It may be obvious, but after discovering the glass negative from I have been fostering a small obsession to learn more about them.
Thanks to a mutual friend, I have known Nancy Zorena for several years. Remembering that she was connected with a historical society led me to getting in touch with her. Nancy, who has been a past president of the Monroe Historical Society, and is now currently a volunteer, met me in the History room of the on a warm Saturday in January. I was there to see what I had been searching for: a large collection of glass negatives in the historical society’s archives.
Nancy explained that the town was fortunate to have had an avid early photographer as a resident; Frederick Sherman was a schoolteacher and then a town clerk who lived from 1869 to 1941 and photographed many buildings, gatherings and landscapes during his life. After he died, it was said that among the many antiques in his collection were thousands of glass negatives. Sadly, most of these were sold at auction and little documentation exists for the few hundred stored in the library. With permission, I was able to borrow three slides for processing.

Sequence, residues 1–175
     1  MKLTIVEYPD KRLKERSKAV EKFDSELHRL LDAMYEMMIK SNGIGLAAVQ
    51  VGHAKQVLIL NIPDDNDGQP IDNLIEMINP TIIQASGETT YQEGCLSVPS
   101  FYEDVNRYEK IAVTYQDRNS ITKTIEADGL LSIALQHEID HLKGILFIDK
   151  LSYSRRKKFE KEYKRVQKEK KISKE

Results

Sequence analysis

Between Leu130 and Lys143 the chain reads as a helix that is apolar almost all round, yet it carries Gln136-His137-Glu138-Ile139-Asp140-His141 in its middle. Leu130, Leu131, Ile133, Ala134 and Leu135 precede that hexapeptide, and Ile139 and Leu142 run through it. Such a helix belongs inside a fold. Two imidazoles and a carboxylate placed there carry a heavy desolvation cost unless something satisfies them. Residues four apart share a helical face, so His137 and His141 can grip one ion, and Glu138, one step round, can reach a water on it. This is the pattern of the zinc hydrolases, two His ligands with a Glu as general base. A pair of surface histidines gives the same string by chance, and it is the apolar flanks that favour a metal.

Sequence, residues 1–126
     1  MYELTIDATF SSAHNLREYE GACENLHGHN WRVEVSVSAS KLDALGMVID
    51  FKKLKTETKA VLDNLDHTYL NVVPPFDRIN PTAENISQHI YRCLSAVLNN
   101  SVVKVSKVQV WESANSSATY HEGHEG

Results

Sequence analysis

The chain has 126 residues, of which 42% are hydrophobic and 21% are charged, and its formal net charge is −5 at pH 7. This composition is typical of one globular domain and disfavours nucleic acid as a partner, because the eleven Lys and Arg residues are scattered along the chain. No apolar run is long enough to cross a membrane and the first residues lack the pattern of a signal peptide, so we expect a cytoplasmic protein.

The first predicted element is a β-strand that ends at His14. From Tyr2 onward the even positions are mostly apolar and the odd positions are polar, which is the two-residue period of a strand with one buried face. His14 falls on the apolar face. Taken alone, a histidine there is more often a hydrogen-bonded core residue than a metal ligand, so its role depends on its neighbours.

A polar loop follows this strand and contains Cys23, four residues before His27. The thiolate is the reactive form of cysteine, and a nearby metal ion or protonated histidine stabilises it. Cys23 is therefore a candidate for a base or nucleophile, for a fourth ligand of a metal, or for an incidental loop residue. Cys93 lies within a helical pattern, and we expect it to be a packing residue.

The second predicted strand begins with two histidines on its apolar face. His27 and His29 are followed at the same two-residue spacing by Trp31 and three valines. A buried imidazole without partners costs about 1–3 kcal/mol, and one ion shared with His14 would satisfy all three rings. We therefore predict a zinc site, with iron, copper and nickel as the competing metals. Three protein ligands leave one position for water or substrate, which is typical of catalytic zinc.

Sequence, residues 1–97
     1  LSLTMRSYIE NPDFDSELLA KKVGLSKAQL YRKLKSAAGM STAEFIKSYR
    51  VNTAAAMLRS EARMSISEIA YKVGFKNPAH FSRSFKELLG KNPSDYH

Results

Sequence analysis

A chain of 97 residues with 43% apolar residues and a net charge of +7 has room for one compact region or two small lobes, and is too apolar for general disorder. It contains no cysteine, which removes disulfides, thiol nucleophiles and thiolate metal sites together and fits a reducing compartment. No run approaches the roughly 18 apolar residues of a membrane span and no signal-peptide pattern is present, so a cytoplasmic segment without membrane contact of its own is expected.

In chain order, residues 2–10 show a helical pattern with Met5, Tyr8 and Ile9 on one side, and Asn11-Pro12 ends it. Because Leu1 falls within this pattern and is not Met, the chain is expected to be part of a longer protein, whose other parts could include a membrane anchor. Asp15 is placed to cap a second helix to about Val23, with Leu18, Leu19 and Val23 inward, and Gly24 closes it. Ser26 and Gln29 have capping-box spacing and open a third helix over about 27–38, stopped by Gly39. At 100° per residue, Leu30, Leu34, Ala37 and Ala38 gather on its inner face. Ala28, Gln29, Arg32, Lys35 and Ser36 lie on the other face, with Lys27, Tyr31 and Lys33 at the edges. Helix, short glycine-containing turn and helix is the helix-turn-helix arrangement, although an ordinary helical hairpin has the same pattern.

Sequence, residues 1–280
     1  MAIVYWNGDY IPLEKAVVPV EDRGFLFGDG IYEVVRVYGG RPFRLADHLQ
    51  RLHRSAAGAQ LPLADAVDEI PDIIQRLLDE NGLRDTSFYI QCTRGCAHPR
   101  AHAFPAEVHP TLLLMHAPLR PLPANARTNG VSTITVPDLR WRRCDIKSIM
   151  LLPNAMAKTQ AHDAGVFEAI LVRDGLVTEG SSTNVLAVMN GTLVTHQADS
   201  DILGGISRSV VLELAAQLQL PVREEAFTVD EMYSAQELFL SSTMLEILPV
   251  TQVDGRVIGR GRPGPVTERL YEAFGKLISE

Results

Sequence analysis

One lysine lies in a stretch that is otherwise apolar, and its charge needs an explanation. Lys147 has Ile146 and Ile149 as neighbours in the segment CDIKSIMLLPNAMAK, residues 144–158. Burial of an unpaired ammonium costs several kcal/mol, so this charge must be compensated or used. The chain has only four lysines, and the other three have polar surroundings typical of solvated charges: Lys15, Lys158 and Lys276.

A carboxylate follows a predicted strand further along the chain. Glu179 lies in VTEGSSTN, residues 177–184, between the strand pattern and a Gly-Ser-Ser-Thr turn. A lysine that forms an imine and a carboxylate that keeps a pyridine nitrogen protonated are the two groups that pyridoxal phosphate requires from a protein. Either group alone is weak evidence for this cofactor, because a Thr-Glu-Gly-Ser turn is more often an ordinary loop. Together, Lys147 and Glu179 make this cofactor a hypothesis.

Half the fun of looking at old items is the opportunity to try to discover something new about each one. To do this I needed to refine my original plans for transferring them. Having started with a scanner, I discovered that some of the detail was lost in its poor contrast resolution. A little deeper study on some photographic forums and I found myself building a light box from cardboard and an old picture frame. Using my DSLR camera I now had a higher resolution for a deeper look at the images.
The images displayed above show a similarity in Sherman’s photographic interests, lone buildings are the focal point and Ed Coffey, Monroe town historian explains, “He shot scene after scene in many Connecticut towns some of which were made in to postcards.”
They are masterpieces frozen in time. The old Monroe town hall, long torn down; the , likely taken around the 1920s as they prepare for their annual “Karnival” — it still stands today; and the Riverside Methodist Church, which once sat where lake Zoar is today on the border of Monroe in a section referred to as “Old Oxford.” This negative was in bad shape, but it may be the only photographic record of this building in this long gone location.
Thank you, to Nancy Zorena and Ed Coffey for loaning me the negatives and allowing me to dig in their archives and their memories for the rich background in this article that I could only touch on. The Monroe historical Society welcomes volunteers and anyone interested in researching and learning about the history of Monroe. Students are especially welcome and have accessed the History room for source material for their projects. The History room is commonly open on Saturdays from 1 p.m. to 3 p.m.
Greg Van Antwerp is a Brookfield resident and blogger, who can be found on the weekends in search of a good “dig” or a good story. You can read more about his adventures by visiting his blog.